With funding from May, Tanton founded CIS a year before Ronald Reagan signed a sweeping amnesty bill that offered nearly three million immigrants permanent legal status in the United States. The move sparked a Republican backlash against immigration, led by hard-line nativists like Pat Buchanan, and the foundations of wealthy right-wing donors—from thoroughbred breeder John Olin to garlic magnate Jaquelin Hume—began funneling millions into CIS. Although May died in 2005, her foundation, Colcom, has donated more than $76 million to block immigration reform in Congress.
CIS provided the ammunition for that fight. From a nondescript office building on K Street, its researchers churn out study after study laying out the perils of immigration. Most follow a predictable pattern: They twist the numbers to show immigrants pushing Western civilization to the brink of disaster. One 2008 report blames immigrants for America’s “burgeoning street gang problem.” Another, published two years later, argues that immigrants are using up the water in the American Southwest, making them the true threat to the environment. Yet another study, published in 2015, asserts that a whopping 51 percent of immigrant households are leeching off welfare—even though undocumented immigrants have been banned from receiving welfare since 1996. CIS’s research methodology is so flimsy that even hard-core conservative organizations have condemned it. “Simply put,” the Cato Institute wrote of the welfare report, “the CIS study does not compare apples to apples but rather apples to elephants.”
After Barack Obama took office and agreed to welcome thousands of Syrian refugees into the United States, CIS joined forces with the radical right, circulating links to white nationalist publications like VDARE and American Renaissance. The group has also embraced thinkers expelled from more polite conservative circles. Last year, CIS began publishing the works of Jason Richwine, a right-wing analyst who was forced to resign from the Heritage Foundation amid controversy over his Ph.D. dissertation, in which he suggested that there is a “genetic component” to lower IQ scores among Hispanics and other groups, and asserted that it is “difficult to argue against” the “prediction that new Hispanic immigrants will have low-IQ children and grandchildren.” Even conservatives were appalled. “Now CIS is falling down the same Alt Right pit that Tanton for years has denied courting!” the conservative news site Red State observed. CIS, it seemed, had become too radical even for the mainstream GOP.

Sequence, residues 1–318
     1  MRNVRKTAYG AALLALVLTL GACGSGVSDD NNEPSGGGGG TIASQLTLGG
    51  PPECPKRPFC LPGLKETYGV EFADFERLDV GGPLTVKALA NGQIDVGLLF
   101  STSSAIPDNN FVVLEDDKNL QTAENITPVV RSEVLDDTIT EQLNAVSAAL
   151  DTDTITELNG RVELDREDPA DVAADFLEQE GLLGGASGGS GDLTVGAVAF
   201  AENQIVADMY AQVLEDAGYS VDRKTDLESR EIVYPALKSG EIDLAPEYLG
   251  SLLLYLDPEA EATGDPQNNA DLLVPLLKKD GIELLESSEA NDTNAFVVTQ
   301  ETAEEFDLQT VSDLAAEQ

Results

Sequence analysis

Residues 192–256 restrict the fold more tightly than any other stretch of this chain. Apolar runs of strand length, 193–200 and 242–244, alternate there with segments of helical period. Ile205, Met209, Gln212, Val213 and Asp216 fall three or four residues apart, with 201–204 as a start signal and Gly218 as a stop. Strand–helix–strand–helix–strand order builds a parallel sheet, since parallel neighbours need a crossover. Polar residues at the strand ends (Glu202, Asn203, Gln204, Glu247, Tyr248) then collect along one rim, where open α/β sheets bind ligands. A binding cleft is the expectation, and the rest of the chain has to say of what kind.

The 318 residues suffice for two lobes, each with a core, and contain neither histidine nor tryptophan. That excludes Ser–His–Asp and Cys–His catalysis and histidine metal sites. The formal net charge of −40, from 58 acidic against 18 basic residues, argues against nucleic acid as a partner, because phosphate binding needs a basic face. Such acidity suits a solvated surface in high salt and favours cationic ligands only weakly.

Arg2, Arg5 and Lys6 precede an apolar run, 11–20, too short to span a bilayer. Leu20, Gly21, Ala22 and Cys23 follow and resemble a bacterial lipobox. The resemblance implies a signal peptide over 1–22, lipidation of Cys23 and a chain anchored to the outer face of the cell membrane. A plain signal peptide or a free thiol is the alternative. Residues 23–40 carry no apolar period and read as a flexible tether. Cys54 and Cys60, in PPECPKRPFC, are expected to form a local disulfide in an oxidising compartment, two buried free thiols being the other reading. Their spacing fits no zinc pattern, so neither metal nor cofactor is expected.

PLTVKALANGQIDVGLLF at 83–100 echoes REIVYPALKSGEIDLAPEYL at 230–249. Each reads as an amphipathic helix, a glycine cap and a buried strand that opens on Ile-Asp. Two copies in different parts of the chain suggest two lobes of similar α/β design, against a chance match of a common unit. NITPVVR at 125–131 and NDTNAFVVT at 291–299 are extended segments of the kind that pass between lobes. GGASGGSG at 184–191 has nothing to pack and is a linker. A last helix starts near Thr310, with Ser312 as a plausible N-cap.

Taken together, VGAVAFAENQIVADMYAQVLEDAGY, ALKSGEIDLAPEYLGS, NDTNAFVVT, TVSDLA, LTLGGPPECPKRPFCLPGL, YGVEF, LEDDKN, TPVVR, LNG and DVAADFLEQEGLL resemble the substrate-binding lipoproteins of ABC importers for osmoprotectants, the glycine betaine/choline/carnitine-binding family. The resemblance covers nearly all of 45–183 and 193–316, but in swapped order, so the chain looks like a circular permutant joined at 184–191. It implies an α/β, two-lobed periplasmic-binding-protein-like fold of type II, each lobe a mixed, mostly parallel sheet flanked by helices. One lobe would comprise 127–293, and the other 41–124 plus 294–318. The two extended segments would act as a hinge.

Trump, however, has made CIS respectable. “He legitimized them in a very big way,” says Mark Potok, a senior fellow at the Southern Poverty Law Center. Thanks to Trump, the group is now routinely and respectfully cited by mainstream news outlets as a “conservative think tank,” with no mention of the kind of “alternative facts” it promotes about immigration. When the president’s advisers go on television to argue that Trump drew the largest inauguration crowd in history, or to justify new travel restrictions based on a nonexistent terrorist attack in Kentucky, it’s easy to dismiss such claims as ridiculous. But when anti-immigration screeds cooked up by CIS are presented as serious research reports, the lies are harder to spot—and play a far greater role in shaping public policy.
Clarification: The original version of this article stated that Jason Richwine’s PhD dissertation “advocated banning Hispanic immigrants because their IQs were lower than those of whites.” It was not our intention to suggest that Richwine advocated banning all Hispanic immigrants. Rather, we meant to observe that his dissertation suggested there is a “genetic component” to lower IQ scores among Hispanics and other groups, and that he advocated using intelligence tests to bar entry to those with lower IQs. The article has been altered to clarify his opinions, including his assertion that it is “difficult to argue against” the “prediction that new Hispanic immigrants will have low-IQ children and grandchildren.” We regret any misunderstanding that our original phrasing may have caused about his views.